# To keep this example simple, the Firewall settings in the logical SQL Server allows access from Azure services and resources
    # An alternative is to use the Azure Login GitHub Action
      - name: download artifact containing dacpac
        # Downloads Data artifact to dacpac folder
        uses: actions/download-artifact@v3.0.2
          name: AzureSQLDB
      # Login using Azure credentials 
      # Required to add a temporary firewall rule for the runner
      - uses: azure/login@v1.4.6
          creds: ${{ secrets.AZURE_CREDENTIALS }}

I made the decision not to include the get-keyvault-secrets with this workflow. Due to the fact that it this GitHub Action is now deprecated.

It is now recommended to use the GitHub Action for Azure CLI to get values from Azure Key Vault. However, doing this for a connection string that includes a password can be complex. To keep this workflow simple, I decided to revert to a secret within the repository.

Sql-action v2 GitHub Action update

Which leads me to the end of the deploy job. Where the new version of sql-action is used to deploy the updates from the dacpac file.

      # Installs dacpac
      # For this to work you have a secret specified, default in my repo is blank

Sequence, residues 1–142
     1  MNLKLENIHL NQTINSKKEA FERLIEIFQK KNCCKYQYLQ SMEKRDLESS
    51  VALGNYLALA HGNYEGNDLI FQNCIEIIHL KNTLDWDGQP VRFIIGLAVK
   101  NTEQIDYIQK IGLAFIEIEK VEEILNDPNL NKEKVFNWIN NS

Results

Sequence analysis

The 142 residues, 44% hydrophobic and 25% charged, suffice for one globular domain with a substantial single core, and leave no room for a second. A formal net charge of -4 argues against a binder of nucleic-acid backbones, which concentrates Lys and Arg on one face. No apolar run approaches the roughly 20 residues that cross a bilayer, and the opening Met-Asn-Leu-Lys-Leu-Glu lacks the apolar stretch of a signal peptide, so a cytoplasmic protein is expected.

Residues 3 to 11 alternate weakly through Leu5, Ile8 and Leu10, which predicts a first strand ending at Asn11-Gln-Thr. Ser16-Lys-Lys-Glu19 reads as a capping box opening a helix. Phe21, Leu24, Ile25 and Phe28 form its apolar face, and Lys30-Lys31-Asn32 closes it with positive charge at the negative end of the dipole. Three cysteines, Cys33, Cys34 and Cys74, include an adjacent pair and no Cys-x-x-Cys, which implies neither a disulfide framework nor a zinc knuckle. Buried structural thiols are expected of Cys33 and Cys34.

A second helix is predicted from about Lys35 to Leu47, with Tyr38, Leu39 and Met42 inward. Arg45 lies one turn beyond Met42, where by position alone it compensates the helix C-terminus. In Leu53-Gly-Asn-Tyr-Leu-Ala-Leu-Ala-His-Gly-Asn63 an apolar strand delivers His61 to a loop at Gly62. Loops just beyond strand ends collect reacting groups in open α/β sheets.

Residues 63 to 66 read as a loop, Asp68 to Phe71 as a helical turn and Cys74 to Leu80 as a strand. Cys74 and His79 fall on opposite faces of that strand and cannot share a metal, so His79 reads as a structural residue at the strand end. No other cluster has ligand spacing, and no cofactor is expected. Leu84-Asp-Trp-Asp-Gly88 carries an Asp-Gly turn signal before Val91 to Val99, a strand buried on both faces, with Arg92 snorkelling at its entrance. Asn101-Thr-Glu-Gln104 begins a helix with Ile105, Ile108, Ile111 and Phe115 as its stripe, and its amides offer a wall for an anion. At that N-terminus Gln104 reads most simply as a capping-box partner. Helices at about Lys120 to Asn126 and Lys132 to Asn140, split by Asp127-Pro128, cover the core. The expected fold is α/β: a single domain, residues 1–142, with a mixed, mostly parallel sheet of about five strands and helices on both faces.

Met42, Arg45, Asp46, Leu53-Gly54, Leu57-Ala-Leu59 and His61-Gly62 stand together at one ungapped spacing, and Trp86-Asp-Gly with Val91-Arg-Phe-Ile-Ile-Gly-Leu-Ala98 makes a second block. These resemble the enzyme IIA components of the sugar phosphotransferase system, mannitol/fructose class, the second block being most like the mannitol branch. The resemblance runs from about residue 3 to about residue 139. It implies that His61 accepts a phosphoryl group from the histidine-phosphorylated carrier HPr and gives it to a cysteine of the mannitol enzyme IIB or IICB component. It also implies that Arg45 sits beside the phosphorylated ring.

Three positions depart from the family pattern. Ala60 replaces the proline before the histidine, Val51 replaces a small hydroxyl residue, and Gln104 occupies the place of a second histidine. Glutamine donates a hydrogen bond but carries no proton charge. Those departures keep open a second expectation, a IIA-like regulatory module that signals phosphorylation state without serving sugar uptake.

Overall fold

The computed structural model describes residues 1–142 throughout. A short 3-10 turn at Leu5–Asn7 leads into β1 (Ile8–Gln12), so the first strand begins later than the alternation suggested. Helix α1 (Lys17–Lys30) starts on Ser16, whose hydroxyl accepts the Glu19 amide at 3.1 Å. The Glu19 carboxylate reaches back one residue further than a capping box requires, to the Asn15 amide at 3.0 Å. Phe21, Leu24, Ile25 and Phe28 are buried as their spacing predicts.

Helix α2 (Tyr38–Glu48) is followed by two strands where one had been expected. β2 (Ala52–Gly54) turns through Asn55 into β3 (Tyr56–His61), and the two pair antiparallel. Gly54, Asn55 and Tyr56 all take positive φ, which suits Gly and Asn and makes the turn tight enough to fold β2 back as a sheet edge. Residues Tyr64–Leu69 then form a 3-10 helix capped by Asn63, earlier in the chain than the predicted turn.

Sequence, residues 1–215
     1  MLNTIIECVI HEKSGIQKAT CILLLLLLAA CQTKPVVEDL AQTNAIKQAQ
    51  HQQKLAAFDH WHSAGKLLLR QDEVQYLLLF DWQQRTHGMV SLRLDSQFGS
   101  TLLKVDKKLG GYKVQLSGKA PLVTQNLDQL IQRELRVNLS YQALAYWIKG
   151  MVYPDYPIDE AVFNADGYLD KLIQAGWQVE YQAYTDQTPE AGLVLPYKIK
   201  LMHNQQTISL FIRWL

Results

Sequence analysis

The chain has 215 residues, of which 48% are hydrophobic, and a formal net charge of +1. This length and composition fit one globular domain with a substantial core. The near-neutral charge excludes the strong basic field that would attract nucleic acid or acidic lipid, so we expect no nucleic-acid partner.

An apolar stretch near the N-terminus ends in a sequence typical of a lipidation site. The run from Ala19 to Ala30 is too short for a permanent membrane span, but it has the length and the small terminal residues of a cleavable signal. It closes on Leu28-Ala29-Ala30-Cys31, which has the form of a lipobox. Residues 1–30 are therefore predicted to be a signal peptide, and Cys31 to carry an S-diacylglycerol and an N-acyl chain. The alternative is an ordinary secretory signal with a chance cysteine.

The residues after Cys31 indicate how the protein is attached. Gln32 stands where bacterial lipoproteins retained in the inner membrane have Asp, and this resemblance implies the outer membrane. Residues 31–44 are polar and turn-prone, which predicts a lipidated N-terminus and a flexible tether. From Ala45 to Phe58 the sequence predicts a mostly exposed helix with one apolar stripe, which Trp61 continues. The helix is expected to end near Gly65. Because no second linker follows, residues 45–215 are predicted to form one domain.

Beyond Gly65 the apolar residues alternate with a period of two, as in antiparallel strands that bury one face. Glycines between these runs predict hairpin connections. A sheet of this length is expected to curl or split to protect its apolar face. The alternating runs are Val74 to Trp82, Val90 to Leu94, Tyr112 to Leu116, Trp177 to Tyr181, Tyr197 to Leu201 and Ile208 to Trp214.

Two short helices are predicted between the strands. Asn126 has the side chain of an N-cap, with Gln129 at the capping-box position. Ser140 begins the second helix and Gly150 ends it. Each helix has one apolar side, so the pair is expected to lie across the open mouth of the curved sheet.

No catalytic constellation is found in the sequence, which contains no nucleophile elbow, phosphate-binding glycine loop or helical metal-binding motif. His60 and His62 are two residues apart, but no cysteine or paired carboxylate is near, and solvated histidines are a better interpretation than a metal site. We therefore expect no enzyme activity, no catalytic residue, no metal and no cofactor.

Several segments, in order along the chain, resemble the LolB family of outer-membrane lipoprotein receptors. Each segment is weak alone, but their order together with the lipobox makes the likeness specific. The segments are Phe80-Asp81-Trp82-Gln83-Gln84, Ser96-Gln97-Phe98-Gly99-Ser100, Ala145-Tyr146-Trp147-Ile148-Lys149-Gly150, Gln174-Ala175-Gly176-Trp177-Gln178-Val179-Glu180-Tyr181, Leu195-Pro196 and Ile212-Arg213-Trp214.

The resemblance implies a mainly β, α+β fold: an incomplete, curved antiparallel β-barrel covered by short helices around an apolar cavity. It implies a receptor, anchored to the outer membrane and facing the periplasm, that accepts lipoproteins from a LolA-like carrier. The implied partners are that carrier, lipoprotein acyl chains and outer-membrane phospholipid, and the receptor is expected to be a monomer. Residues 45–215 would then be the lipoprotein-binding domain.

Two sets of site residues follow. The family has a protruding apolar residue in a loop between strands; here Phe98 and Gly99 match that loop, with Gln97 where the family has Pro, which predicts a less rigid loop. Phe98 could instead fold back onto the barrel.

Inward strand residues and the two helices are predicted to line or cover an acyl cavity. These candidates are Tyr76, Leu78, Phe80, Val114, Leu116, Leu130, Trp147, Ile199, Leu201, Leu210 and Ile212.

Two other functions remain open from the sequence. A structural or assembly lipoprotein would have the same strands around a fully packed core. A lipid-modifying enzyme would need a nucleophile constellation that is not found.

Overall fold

# Requires a secret AZURESQLDB_CONNECTION_STRING which contains connection string to your Azure SQL Database
      - name: Azure SQL Deploy
        uses: Azure/sql-action@v2
          # The connection string, including authentication information, for the Azure SQL Database.
          connection-string: '${{ secrets.AZURESQLDB_CONNECTION_STRING }}'
          # Path to the dacpac file in the artifact
          path: './AzureSQLDB.dacpac'
          # Action we want it to do, in this case 'Publish' the contents of the dacpac to the database
          action: 'publish'

As you can see, you no longer have to enter the name of the logical SQL Server for the Azure SQL Database. In fact, the all of the syntax has changed in v2 due to significant changes with this version of the Azure SQL Deploy GitHub Action.

For instance, it has been updated to align with recent changes to SDK-style database projects and updates to sqlpackage. In addition, when using sql-action v2 you can now use Azure Active Directory passwords, Service Principles and default authentications in the connection strings.

Drew Skwiers-Koballa from Microsoft covered these updates in a blog post called ‘Recently Released: Updates to SqlPackage, DacFx, and GitHub sql-action‘.

Final words about the Sql-action v2 GitHub Action for Azure SQL Database deployments

I hope this post about using Sql-action v2 GitHub Action for Azure SQL Database deployments raises awareness about the updates for this GitHub Action.

Because at the very least you need to be aware of syntax changes. Even more so now that GitHub is becoming more popular for these types of deployments.

Plus, I hope that my GitHub-AzureSQLDatabase is a good starting point for some of you to start performing CI/CD using GitHub.

Of course, if you have any comments or queries about this post feel free to reach out to me.

Published inAzure SQL DatabaseGitHub